- Arduino Telemetry Payload in Class C Rocket (Jon Oxer) — Because class-C rockets are so small and light they can’t lift much of a payload and I had to keep the mass of the electronics as small as possible. You can get a sense of scale from this photo which shows a small white bundle in the bottom of the nosecone. Inside that bundle is an Arduino Pro Mini 5V/16Mhz, a 433Mhz transmitter module, and a Lilypad 3-axis accelerometer. PCBs … in … Spaaaaace!
Maps, meaning, makers, and orphaned works:
- Lens Tools and Fisheye Map Browsing — a summary of magnification in maps through history, culminating in use of the fisheye/lens as a way to explore layers and data in thematic maps. (via Titine’s delicious stream)
- Socially Relevant Computing — frustrated by the meaningless examples and work in computer science classes, Mike Buckley started sending students into the real world and building projects for handicapped people, firefighters, children, etc. Read their SIGCSE paper (PDF) for more. (via Andy Oram)
- Maker Faire Africa — I wish I could go!
- Google Book Search Lawsuit Settlement Analysis — finally a simple statement of why many folks aren’t happy with the Google Book Search lawsuit settlement: Thanks to the magic of the class action mechanism, the settlement will confer on Google a kind of legal immunity that cannot be obtained at any price through a purely private negotiation. It confers on Google immunity not only against suits brought by the actual members of the organizations that sued Google, but also against suits brought by anyone who doesn’t explicitly opt out. That means that Google will be free to mine the vast body of orphan works without fear of liability. Any competitor that wants to get the same legal immunity Google is getting will have to take the same steps Google did: start scanning books without the publishers’ and authors’ permission, get sued by authors and publishers as a class, and then negotiate a settlement. The problem is that they’ll have no guarantee that the authors and publishers will play along. (via Glynn Moody)
Two links on visualization and two on life:
- Myth of the Concentration Oasis — Vaughan of Mind Hacks takes on the trendy notion that the Internet is turning us into brainless dullards who are unable to focus on any subject for longer than a 15s TV commercial. “The trouble is, it’s plainly rubbish, and you just have to spend time with some low tech communities to see this is the case.”
- UUorld — gorgeous map-based visual analytics environment for Mac OS X. Lovely to see something step beyond the “throw it onto a Google Map”, which has become commonplace.
- Why I Can’t Afford Cheap — great story about an octogenarian talking about her prized possessions. (via Titine’s delicious stream)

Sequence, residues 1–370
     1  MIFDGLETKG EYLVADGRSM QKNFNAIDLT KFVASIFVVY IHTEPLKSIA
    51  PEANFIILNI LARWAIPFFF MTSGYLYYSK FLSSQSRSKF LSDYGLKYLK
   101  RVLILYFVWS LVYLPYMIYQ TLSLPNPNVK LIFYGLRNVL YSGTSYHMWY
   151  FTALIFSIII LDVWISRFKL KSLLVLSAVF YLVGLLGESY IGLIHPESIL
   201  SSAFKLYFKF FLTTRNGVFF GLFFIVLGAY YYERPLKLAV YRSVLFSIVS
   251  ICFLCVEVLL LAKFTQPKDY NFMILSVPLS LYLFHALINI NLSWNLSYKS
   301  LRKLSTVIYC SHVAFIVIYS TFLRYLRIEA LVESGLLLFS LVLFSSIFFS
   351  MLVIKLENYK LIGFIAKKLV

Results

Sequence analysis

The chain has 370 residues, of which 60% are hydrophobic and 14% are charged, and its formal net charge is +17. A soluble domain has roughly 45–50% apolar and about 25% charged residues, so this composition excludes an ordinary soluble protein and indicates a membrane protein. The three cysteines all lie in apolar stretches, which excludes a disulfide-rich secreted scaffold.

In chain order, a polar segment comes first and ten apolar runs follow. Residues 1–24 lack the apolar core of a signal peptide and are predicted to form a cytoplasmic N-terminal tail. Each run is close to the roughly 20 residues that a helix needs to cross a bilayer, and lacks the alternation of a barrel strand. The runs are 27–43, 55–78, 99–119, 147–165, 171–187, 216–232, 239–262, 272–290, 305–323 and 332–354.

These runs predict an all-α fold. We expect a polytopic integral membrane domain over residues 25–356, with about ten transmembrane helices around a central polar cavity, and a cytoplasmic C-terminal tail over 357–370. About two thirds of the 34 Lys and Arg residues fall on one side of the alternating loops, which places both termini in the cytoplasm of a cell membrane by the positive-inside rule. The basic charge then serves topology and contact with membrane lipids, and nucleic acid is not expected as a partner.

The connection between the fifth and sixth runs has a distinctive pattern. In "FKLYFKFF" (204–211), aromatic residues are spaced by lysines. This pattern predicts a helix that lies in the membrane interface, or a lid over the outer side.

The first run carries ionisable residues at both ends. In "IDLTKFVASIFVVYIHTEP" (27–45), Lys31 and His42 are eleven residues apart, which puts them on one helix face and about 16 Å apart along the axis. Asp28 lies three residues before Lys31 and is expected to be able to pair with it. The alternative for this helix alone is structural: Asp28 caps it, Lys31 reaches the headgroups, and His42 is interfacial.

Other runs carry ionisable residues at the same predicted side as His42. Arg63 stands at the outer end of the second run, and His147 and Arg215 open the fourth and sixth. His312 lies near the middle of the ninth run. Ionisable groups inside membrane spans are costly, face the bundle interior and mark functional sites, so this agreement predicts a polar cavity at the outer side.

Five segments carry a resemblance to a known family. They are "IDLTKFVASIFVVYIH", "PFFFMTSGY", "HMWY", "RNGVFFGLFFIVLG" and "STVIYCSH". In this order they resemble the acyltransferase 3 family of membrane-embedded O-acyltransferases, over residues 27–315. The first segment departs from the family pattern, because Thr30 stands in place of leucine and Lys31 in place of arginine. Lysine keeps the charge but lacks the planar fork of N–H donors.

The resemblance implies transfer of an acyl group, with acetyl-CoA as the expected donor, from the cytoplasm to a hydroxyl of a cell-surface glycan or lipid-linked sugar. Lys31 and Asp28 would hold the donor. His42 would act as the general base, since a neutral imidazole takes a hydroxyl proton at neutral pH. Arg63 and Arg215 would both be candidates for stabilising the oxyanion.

- Visualization Trends for the Noosphere (Jon Udell) — thoughtful commentary on what’s needed to make data visualization as simple as email. Viz is an incredibly powerful tool for translating data into understanding, but it’s currently too damn hard to “mix the paint” (Udell’s great term for the data hacking to convert, fix, etc. the data before they can be used). (via Titine’s delicious stream)
Something beautiful, something informative, something mindblowing, something revealing: something for everyone in today’s link set.
- Trees and Forests on Old Russian Maps – old maps, like old books, are works of art. I loved this collection of symbols; it reminded me how much creativity and beauty we’ve lost (temporarily, I hope) in modern maps.
- Distinguishing Decorative from Meaningful Elements in UI Design – as a thoughtless cloth-eyed coder who designs CSS with the same care and attention that a boar on Viagra devotes to lovemaking, I appreciate this detailed explanation of why a simple design choice (a border around something) turns out to have been the wrong thing to do.
- Interview with Clay Shirky and Part 2 – from Columbia Journalism Review. This is as good as the Bruce Sterling improv on the future from last week. Every paragraph has a philosophically sound quotable nugget. This is about the future of newspapers, the fiction of “information overload”, the bogosity of Luddism, and a fine fine rebuttal to Nick Carr’s Google stupidity.
- Sampling Twitter – serious geekery by Dewitt Clinton, who tried to sample the Twitter ID space for an indication of representative user behaviour–follows, friends, active, etc. “Again extrapolating for accounts too new to test and private accounts, this suggests that 23% of all assigned ids, and thus 6.8% of all potential user ids, are assigned to someone who is posting regularly, is following other users, and is being followed by at least one other user. This implies that there there are up to 1,200,000-1,300,000 active, connected users on Twitter.”
Apologies for the delay. Just remember Douglas Adams’s great line: “Time is an illusion. Lunchtime doubly so.”
- Misconceptions and Objections to Gaza Mapping – Mikel Maron deals to objections about the OpenStreetMap call for help to build an accurate free streetmap of Gaza. This is fantastic work from OSM.
- Twenty Most Practical and Creative Uses of jQuery – I am generally loathe to link to linkbait (“X most Y Zs!”) even though I’m guilty of it myself. This just pushes my jQuery love button, and the jQuery love button loves to be pushed.
- http://rocketstrikes.iamnear.net – as you cruise around London, find out where the bombs struck in WW II. There are huge opportunities for locative services to open up historical geodata like this, in the same way that Pepys Diary Blog and Dear Miss Griffis have brought old diaries to life.
- Differential Synchronization – the solution to the problem of “two people are editing the same document at the same time, and you need to make sure they’re each seeing the same thing”.
Many of the keynote videos from last week's second Web 2.0 Expo Europe are available. The highlight for me was definitely Tim's conversation with Martin Varsavsky, the CEO of Fon. He discussed his path from Argentina to Spain, his handling of the credit crisis a year before Sequoia's warning and his philosphy as an entrepreneur. Other mainstage highlights included:…